(BTW: for that order of magnitude, the "local" store may mean me taking half a day or a day and going to a specialized store in the big city - although one of the fun facts about Germany is that many specialized businesses are actually located outside the big cities).

  • As for the better deal: in my experience that depends very much. With the local store, I can say "If I place this (large) order with you today and pay cash to take the stuff with me right now, what price can you give me?" - the resulting discount for the example above was a better deal than online price plus (insured) shipping back any tested devices I'd not buy in the end.

  • If anything goes wrong with the device (warranty), I know where to physically find the dealer. Depending on what is wrong and whether I'm still in the warranty period, they may have the possibility to do some repairs in their workshop or immediately give/sell me a replacement.
    There are lots of foreign Amazon (or ebay) sellers (even with domestic VAT registration) - if anything goes wrong, that can mean a whole lot more hassle.

  • So: if the local store has what I need, I can get it there faster (think e.g. bike repair parts).

or a supermarket chain that can deliver your fresh meat and groceries within two hours or in an allocated time slot, instead of going all the way to the local store to buy the goods.

  • That possibility I do not yet have here (rural Germany): such delivery services so far operate only in the big cities. I do find this somewhat ironic, as that's where a supermarket or at least a smaller local store is available usually within a km or so, and where there are traffic jams all the time.

  • For groceries that are either highly standardized (e.g. UHT milk 3,5 %) where I don't really expect any difference that I cannot read on the package/online description or that I anyways cannot try them previous to a buyng decision I don't see much of a difference in offline vs. online buying.

  • But groceries like fresh vegetables and fruits or meat I'd like to see (or even smell or taste) before buying. Also, the buying decision is going to be faster for a piece of "loose" meat where a look and a quick question/description with the butcher gives a much faster overview of what they currently offer than reading this online. (See also @Lan's egg discussion.) And it's not unheard off to get a tiny piece of sausage to taste before buying at the butcher's or at the cheese counter if you are after something special.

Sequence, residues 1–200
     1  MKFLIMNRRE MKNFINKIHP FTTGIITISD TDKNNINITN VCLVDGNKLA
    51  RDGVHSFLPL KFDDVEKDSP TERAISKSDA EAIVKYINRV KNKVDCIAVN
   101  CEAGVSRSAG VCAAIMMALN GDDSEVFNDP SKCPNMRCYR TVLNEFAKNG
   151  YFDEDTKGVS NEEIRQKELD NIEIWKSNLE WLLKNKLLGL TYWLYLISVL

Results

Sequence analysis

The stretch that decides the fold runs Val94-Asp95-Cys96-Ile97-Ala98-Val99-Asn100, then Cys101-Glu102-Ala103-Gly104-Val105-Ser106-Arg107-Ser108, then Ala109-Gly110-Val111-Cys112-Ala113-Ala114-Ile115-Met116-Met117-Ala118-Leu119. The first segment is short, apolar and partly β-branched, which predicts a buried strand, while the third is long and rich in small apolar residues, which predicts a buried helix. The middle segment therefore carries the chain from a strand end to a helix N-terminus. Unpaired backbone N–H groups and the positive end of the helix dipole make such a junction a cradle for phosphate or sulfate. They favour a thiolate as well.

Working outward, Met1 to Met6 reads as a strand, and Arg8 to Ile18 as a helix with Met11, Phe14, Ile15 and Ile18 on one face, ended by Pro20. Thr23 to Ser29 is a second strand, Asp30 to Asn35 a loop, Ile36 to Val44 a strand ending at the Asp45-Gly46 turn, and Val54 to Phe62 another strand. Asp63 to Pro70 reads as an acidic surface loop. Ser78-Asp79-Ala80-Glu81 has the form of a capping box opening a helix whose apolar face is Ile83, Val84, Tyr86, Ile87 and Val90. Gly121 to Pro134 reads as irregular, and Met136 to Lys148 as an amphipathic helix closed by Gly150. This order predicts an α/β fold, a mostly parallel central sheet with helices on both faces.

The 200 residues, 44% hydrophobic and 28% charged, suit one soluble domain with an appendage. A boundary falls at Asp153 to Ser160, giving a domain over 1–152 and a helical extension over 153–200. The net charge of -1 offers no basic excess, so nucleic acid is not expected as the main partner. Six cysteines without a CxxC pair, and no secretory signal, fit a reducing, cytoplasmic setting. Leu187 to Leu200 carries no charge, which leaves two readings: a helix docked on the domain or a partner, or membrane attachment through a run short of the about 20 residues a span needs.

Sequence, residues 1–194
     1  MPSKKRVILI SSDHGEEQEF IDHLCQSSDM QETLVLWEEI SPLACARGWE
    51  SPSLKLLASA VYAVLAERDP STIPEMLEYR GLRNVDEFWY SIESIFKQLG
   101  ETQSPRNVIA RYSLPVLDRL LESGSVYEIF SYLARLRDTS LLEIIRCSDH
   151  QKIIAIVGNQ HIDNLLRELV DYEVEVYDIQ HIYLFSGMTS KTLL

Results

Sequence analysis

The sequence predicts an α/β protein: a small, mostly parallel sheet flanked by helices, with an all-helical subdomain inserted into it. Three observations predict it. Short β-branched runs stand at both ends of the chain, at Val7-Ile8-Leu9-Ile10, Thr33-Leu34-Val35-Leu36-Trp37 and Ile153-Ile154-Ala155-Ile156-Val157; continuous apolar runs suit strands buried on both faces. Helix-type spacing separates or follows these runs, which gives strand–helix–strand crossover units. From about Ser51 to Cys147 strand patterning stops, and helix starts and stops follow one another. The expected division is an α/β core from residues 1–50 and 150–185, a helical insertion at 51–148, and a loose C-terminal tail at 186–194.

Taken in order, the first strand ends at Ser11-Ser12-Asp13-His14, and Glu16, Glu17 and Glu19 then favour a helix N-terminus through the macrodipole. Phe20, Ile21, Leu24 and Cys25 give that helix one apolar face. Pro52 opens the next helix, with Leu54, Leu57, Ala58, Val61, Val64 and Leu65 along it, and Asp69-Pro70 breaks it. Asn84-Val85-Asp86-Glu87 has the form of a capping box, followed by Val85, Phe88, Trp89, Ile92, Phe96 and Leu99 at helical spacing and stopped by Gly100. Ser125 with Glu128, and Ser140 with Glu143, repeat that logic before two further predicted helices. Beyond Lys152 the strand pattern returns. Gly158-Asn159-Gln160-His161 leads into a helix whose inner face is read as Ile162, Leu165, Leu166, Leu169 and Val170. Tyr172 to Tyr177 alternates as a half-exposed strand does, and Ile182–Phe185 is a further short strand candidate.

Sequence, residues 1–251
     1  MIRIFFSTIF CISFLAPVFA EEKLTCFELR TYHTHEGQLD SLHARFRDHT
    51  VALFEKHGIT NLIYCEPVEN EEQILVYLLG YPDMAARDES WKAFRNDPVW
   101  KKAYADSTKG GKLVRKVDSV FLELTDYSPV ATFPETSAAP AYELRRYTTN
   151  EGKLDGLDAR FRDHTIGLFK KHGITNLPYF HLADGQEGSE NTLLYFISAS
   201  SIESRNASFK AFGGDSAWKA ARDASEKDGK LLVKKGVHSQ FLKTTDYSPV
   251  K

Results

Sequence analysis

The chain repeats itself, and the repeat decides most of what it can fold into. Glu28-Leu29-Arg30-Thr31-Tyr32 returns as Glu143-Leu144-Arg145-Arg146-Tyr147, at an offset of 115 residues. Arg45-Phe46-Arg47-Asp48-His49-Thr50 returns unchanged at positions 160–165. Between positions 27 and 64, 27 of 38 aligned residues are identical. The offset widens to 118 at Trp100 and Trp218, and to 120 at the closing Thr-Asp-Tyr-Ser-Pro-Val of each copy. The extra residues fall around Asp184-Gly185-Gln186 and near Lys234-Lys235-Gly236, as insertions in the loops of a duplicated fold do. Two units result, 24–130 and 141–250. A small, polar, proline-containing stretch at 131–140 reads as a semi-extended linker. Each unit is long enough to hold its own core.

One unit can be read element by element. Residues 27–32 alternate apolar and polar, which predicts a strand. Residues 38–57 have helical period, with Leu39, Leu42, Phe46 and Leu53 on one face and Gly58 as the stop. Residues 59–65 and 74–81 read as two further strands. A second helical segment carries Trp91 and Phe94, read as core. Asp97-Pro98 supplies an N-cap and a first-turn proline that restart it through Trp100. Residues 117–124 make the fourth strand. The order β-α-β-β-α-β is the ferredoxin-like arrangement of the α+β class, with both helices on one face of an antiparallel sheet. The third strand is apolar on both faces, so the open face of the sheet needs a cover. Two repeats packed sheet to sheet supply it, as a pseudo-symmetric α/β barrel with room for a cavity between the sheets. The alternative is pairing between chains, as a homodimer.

• I'd expect a larger variation with small independent stores compared to bigger chains. I don't propose to artificially keep bad (quality) stores alive. But good quality stores: of course.

  • Chains are good at standardizing, i.e. making sure the store brand bread will taste the same whether you buy it in Munich or Hamburg. So they help avoiding what many/almost all people agree is bad quality.

  • But there are types of variation that are equally high quality. E.g. local butchers may use different spices for their sausages, or bakeries for their bread. They can be equally good, but I still may prefer one flavor over the other - and someone else may prefer the other flavor.
    In that case, everyone should buy where they like it best, and delivering that variety of tastes is not what big chains are very good at.

  • Small local stores that too few people think deliver good value: IMHO it's totally fine if they close. The other ones, btw, may become local/regional chains. Which IMHO is fine: there's nothing inherently good or bad with chain stores as long as we're not ending up with an oligopoly.

  • Oligopolies become a problem where you have large effects of scale (i.e. 10 small bakeries are per bread much less profitable than one bakery of the 10-fold size) and where you have big market entrance hurdles.
    I don't know that much about the perishable groceries market, but for things like cosmetics production costs are very much in favor of large producers because product safety testing/certificates cost about the same whether you produce hand-made soap as a tiny ebay side business or as a big factory making soap for half of Germany - and those costs are non-negligible for a tiny side business.


Some further thoughts:

I do see that the structure of local/small stores changes, but I'm not so sure about them dying in general.

  • When I was a kid, my village had 2 grocery stores and there was a supermarket and further stores in the next town (few minutes by car, 1/2 - 1 h by foot or bus). Both of them closed when the owners retired. The larger/later one did try to rent out the store, but several attempts failed after a while.
    This is what people refer to as local stores dying. I'd like to add a few more observations, though.

  • As I recall those stores, they neither distinguished themselves in the variety of goods they had (less than supermarket), nor in the quality (same or older). Their only point was that if you had forgotten something you didn't have to go all the way to the supermarket in town. (And selling sweets to school kids who were too small to go to town)

  • My guesstimate is that those small stores probably always were economic only under their peculiar circumstances: they were run by their owners who also lived above the store. When there were no customers, they'd do some other work (e.g. gardening for vegetables, go upstairs to do some housework or repairs etc.). But they are not economic if you have to pay someone for standing around idle when no customers are there (same concept btw. for small bakeries or butchers).

  • On the other hand,

    • we now have a fish store's van coming along I think once per week (something that hasn't ever been available before - we're 500 km from the sea)